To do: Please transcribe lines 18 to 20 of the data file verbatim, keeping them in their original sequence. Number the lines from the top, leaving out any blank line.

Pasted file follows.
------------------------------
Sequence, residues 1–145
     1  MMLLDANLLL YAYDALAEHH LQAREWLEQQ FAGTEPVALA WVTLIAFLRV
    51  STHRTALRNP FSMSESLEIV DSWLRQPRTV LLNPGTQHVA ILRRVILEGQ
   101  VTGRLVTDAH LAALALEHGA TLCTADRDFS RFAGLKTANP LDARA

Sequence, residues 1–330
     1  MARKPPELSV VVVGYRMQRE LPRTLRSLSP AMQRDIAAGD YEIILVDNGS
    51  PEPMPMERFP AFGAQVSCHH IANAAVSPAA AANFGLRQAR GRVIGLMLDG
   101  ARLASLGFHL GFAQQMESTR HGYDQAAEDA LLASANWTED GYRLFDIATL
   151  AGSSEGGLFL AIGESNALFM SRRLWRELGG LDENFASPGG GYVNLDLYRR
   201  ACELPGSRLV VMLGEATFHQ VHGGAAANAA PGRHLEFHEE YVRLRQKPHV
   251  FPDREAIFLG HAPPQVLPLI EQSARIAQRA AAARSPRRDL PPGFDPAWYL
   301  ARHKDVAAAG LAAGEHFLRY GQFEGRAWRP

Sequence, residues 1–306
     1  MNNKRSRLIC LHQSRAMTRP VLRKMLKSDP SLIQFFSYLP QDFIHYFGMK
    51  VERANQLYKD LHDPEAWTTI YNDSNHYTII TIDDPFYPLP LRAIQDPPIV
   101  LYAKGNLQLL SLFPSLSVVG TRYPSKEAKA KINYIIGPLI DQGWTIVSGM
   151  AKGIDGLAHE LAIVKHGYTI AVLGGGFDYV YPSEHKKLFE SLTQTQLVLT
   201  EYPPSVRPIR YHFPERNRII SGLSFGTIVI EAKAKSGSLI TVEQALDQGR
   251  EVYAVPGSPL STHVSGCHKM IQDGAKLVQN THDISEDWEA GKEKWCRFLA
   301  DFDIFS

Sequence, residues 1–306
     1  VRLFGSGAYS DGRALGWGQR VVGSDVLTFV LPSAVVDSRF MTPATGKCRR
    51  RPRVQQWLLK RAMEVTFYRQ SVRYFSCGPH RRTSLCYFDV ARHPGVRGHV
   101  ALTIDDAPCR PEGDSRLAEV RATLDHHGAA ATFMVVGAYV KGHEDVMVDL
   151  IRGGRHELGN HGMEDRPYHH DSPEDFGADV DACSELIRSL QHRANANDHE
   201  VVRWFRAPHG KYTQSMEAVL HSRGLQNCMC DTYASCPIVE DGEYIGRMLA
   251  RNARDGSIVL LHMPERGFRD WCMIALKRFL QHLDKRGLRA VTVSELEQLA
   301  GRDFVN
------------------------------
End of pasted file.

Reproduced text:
   201  EYPPSVRPIR YHFPERNRII SGLSFGTIVI EAKAKSGSLI TVEQALDQGR
   251  EVYAVPGSPL STHVSGCHKM IQDGAKLVQN THDISEDWEA GKEKWCRFLA
   301  DFDIFS